Bob Pianta, Stewart Roberson, and Governor Terry McAuliffe sitting

Leaders Gather on Grounds to Tackle Next Governor's 'Single Biggest Challenge'

Virginia Governor Terry McAuliffe and education leaders from across the state gathered Tuesday at the Curry School of Education to seek innovative solutions to the teacher shortage.

Laura Hoxworth

Education leaders and policymakers from throughout the commonwealth gathered Tuesday at the University of Virginia’s Curry School of Education to address one of the biggest problems facing school districts nationwide: a shortage of teachers.

The full-day event was co-hosted by Gov. Terry McAuliffe, state Secretary of Education Dietra Trent, the Curry School, Curry School Dean Robert C. Pianta and the UVA K-12 Advisory Council. They convened a broad range of constituents – including superintendents, higher education leaders and state policymakers – with the goal of turning discussions into actionable solutions.

Why Don’t We Have Enough Teachers?

Pianta called the teacher shortage an “emergency situation.” Since the so-called Great Recession caused a sharp drop in the number of qualified teachers, schools across the country have been struggling to close a widening gap – made even worse by a growing student population.

The problem has become acute in recent years. A recent report by the Economic Policy Institute found the country is now short as much as 327,000 teachers.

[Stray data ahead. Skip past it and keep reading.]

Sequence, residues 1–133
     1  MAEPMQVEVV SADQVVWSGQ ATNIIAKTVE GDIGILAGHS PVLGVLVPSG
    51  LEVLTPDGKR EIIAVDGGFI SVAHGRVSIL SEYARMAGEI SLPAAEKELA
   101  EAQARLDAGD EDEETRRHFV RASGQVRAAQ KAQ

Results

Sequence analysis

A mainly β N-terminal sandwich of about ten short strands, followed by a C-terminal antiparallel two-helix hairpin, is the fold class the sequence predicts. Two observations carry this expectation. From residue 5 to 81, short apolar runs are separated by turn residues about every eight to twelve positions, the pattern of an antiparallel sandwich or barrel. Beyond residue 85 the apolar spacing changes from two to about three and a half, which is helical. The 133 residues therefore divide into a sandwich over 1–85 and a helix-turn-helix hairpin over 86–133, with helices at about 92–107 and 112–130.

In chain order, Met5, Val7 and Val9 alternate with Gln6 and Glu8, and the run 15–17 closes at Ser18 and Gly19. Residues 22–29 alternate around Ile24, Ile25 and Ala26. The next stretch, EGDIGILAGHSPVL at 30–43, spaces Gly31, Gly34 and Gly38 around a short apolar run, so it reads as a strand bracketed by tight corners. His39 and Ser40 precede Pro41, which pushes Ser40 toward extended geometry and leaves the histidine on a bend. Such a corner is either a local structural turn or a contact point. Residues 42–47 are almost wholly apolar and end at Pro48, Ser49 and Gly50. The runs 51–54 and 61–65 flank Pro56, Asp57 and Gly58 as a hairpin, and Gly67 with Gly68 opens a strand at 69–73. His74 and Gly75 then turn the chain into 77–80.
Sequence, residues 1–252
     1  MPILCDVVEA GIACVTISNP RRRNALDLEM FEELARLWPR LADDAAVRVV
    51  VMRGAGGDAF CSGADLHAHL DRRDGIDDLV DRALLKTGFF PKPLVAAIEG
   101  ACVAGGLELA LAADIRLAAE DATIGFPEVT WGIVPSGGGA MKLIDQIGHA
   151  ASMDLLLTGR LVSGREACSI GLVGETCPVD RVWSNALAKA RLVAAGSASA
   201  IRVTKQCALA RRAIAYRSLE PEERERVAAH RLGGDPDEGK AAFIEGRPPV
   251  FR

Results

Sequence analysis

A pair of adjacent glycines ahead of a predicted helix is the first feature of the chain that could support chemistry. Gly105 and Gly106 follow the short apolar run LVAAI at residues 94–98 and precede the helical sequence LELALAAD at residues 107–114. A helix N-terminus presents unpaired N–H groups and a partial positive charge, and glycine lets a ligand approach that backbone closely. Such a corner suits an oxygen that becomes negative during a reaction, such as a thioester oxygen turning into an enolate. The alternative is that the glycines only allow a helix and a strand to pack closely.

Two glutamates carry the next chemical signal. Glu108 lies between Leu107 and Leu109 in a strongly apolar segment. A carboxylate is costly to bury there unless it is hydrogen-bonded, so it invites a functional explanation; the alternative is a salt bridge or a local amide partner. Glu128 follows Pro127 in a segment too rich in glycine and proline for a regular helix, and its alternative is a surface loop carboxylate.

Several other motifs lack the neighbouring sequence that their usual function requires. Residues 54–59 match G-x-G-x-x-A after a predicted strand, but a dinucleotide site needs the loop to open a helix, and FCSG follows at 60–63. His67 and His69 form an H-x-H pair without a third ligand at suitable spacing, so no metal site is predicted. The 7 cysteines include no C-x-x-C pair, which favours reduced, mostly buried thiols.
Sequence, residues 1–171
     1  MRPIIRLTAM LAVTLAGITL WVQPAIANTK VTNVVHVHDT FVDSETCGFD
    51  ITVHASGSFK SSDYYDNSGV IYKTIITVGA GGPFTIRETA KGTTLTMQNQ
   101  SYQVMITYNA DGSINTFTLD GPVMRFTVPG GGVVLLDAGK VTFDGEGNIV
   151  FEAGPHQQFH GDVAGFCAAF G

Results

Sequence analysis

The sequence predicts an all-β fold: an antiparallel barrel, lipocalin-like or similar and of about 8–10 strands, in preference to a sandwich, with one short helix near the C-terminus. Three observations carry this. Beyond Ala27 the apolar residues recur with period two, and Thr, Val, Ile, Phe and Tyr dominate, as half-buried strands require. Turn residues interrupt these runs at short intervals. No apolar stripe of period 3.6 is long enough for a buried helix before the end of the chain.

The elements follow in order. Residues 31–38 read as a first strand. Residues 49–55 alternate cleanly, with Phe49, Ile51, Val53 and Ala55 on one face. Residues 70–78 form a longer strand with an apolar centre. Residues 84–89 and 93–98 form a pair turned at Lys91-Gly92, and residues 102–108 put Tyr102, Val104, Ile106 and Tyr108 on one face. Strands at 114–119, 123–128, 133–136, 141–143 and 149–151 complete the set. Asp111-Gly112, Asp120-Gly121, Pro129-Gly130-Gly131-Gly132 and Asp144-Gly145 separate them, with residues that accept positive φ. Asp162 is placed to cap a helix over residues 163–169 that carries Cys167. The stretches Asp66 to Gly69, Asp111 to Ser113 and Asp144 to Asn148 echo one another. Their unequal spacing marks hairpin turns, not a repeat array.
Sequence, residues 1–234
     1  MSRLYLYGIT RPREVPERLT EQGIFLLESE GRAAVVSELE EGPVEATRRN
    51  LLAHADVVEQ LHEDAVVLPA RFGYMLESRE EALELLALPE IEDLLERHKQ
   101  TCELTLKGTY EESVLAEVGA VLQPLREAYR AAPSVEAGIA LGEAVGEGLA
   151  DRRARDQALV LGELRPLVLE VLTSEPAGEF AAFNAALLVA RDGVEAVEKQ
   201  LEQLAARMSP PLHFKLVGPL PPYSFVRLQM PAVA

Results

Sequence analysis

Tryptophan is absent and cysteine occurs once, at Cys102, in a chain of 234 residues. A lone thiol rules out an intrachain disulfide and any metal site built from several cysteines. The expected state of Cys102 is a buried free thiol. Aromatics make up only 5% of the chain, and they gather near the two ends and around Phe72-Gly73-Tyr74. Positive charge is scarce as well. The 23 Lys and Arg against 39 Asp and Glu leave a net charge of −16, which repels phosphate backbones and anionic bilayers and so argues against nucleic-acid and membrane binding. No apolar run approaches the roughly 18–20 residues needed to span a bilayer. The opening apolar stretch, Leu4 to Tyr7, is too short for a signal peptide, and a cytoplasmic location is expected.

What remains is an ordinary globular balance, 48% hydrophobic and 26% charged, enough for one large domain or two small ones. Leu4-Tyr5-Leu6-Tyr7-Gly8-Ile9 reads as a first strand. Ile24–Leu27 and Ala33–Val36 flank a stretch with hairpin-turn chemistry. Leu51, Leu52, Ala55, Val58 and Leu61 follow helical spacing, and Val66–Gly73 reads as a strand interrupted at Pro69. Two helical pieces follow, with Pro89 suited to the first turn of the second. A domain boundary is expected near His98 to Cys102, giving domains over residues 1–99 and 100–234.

Virginia is no exception. In October 2016, the commonwealth had more than 1,000 vacant teaching positions – fully funded jobs that there weren’t enough teachers to fill. That’s a significant increase from 800 unfilled positions the year before. The need to increase diversity among teachers was also a focus of the summit.

“The single biggest challenge that the next governor will have to face is teacher shortage,” McAuliffe said.   

The reasons for the shortage are complex. Factors include low salaries, as well as the many tests and licensure requirements – and corresponding costs – that make teaching a less attractive career path. Recruiting, training and retaining enough effective teachers is a multifaceted problem that requires a complex network of solutions.

But it’s a crucial issue. When there aren’t enough teachers to go around, schools must rely on substitutes and underqualified teachers, or have teachers lead larger classes –  factors that have been shown to cause lasting disadvantages that disproportionately affect low-income and minority students.

“Without highly effective and available experienced teachers, the negative impacts to citizens and society are evident,” Pianta said. “Not just in the absence of these citizens and healthy youth and adults, but an actively negative force against the public good. Expert and experienced teachers are a resource to society, and when we shortchange that resource, we shortchange the life of a community long-term.”

Local Solutions to a National Problem

While the teacher shortage impacts schools across the country, its contributing factors – such as salary, classroom autonomy and what kinds of credentials are required – vary widely among states and even school districts. It’s a national problem that demands targeted, local solutions.

That was exactly the purpose of Tuesday’s summit: finding solutions. “We’re not just here to talk about the problem and observe it,” Pianta said. “We’re here to solve it.”

Attendees split up into breakout sessions covering several focus areas, including re-imagining teacher recruitment, retaining high-quality educators, innovation in school divisions, state policy changes and building stronger partnerships between K-12 schools and institutions of higher education.